Professor Emeritus, Oregon State University. Ph.D. 1975
I first encountered the subject of agricultural economics during my junior year at UCD when, as a resource management undergraduate, I was required to take several AGEc courses. The practicality of the material and its relation to real world issues impressed me, as did the quality of the instruction from faculty such as Gerry Dean, Charlie Moore and Alex McCalla. Several years later, I enrolled in the Ag. Econ graduate program and again benefited from an excellent faculty, both in terms of classroom instruction as well as mentoring from Gerry Dean and Warren Johnston on how to conceptualize and conduct research. Although my original intention was to pursue a Master's degree, my growing interest in applied economics, coupled with wise council from the avuncular Ben French, convinced me of the benefits of the Ph.D. It is a decision I have never regretted.
My first academic position in 1975 at the University of Wyoming occurred at the time the sub-discipline of Environmental Economics – led by Ralph d'Arge and Tom Crocker, among others – was on the rise. With substantial funding from US EPA, we embarked on a series of studies on the economics of air pollution control. My UCD training laid a strong foundation for my professional success; the solid base that I had cultivated in theory and methods, particularly operations research, enabled me to successfully complete several research projects (and publications).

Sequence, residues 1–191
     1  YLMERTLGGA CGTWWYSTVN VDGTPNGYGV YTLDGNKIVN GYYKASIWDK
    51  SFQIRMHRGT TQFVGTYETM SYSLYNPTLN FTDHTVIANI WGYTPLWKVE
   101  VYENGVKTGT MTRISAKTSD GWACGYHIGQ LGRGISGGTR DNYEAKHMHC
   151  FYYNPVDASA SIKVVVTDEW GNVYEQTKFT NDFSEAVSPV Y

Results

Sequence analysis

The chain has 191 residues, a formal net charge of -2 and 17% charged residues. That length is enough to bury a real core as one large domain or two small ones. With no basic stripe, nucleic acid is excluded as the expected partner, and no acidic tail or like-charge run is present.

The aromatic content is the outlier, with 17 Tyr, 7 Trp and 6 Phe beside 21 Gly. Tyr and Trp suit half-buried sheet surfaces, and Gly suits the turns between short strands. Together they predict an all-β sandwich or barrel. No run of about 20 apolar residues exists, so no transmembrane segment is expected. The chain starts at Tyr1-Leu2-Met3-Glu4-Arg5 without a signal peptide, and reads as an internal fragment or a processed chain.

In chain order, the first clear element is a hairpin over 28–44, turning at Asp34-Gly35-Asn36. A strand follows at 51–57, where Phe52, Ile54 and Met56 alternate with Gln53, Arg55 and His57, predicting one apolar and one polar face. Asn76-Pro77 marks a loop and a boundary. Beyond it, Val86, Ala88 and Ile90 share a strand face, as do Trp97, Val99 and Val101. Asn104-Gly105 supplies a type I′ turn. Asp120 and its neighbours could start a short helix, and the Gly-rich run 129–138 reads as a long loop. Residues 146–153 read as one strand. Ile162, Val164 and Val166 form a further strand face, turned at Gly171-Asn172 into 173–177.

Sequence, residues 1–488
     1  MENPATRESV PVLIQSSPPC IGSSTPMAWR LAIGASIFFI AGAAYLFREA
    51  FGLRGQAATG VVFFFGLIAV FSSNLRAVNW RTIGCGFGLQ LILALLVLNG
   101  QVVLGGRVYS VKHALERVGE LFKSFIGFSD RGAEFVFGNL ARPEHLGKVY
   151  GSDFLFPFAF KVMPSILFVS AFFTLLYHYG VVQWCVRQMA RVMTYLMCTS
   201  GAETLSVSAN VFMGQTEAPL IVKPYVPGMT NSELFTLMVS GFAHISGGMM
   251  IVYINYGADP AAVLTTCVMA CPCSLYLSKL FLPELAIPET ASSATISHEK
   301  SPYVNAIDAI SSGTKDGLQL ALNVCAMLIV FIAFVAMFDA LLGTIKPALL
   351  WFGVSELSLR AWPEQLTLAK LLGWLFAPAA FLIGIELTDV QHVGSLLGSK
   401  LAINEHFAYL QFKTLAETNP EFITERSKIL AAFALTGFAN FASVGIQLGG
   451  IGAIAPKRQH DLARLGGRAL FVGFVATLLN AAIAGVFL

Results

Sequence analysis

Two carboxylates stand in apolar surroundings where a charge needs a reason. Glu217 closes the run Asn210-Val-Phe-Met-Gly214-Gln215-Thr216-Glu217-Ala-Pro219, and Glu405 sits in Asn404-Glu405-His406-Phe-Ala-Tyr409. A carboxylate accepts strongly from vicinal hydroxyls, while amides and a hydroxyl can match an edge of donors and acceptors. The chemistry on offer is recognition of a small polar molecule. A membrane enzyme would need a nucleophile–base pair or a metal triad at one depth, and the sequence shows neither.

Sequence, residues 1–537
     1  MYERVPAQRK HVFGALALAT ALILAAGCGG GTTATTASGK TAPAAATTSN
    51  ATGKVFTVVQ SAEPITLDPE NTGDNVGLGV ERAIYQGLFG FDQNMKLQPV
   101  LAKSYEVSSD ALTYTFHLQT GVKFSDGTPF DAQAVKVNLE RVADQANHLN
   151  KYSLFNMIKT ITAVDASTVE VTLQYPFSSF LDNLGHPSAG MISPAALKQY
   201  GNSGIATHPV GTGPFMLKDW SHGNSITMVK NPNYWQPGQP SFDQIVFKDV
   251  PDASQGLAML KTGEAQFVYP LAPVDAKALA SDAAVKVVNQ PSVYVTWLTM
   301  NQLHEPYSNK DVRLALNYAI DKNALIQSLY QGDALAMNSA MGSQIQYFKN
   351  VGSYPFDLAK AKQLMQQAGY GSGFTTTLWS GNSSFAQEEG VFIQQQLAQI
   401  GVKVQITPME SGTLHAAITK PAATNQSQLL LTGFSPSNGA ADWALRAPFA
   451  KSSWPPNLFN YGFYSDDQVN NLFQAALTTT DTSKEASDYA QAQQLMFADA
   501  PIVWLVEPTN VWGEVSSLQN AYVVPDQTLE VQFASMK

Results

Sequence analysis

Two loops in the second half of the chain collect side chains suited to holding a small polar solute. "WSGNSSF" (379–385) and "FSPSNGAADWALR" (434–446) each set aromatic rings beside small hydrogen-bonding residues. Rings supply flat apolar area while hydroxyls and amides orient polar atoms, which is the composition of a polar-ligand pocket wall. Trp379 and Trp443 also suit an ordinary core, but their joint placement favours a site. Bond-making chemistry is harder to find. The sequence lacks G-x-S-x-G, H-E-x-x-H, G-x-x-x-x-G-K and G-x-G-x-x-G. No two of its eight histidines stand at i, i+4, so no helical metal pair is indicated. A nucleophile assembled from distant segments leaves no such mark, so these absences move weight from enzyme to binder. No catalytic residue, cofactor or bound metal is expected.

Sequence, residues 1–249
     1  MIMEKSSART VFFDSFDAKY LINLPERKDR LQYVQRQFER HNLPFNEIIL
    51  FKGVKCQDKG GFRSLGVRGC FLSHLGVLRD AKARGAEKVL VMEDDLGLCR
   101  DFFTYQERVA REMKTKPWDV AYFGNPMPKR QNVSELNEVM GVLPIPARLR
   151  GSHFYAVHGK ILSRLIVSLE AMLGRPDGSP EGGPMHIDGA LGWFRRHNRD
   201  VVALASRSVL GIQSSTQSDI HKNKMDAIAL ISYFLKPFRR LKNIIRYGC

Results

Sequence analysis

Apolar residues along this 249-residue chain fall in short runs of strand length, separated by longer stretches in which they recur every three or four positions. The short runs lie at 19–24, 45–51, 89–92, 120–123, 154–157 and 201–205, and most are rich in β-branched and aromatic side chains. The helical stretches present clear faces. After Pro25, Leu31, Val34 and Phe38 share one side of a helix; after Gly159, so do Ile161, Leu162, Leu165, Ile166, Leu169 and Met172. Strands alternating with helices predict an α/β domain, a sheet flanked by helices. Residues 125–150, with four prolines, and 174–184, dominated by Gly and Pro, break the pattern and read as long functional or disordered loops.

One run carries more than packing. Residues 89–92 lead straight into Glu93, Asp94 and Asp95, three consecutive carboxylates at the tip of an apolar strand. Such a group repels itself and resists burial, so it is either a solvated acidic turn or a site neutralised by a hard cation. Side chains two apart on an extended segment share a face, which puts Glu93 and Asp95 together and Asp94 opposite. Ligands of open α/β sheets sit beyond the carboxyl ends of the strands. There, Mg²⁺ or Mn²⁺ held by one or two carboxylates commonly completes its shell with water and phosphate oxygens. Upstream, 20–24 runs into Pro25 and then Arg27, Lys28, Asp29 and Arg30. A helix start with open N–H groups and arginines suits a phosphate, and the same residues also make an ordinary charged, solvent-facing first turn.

In 1982, I accepted a position at Oregon State University, where I continued conducting research on air pollution economics, along with acidic deposition and climate change research, again with funding from the EPA. Funding from NOAA enabled me to spend a decade assessing the value of information related to weather and climate phenomena. Oregon also provided a great venue to pursue research on water resource management and fisheries. As an avid fly fisherman, I attach both personal and professional significance to these issues, and I have been fortunate to combine them in my career. (See the following hyper link for documentation of the personal importance of fish and water.)
Over the years, I have had the good fortune to be recognized for my research on environmental and resource issues, including AAEA Fellow in 2001, and numerous awards for scholarship and policy contributions. I have had the opportunity to serve in editorship roles, including the AJAE. I have also had the opportunity to serve on numerous government panels, boards, and advisory committees convened to address real world resource and environmental challenges. I believe that such service has played a role in improved public decision making.
In summary, my education in AREC at UCD opened many doors. I remain grateful to the department and the university for enabling me to pursue an enriching and fulfilling career.
Select Awards and Accolades
Outstanding Journal Article, Australian Journal of Agricultural and Resource Economics
AAEA Publication of Enduring Quality Award
Outstanding Journal Article, Canadian Journal of Agricultural Economics
Editor, American Journal of Agricultural Economics
Vice-Chancellor's Award for Excellence, Texas A&M University
Outstanding Journal Article, Journal of Agricultural and Resource Economics
Fellow, Agricultural and Applied Economics Association
USEPA Award for Research Excellence
Weblinks and More Information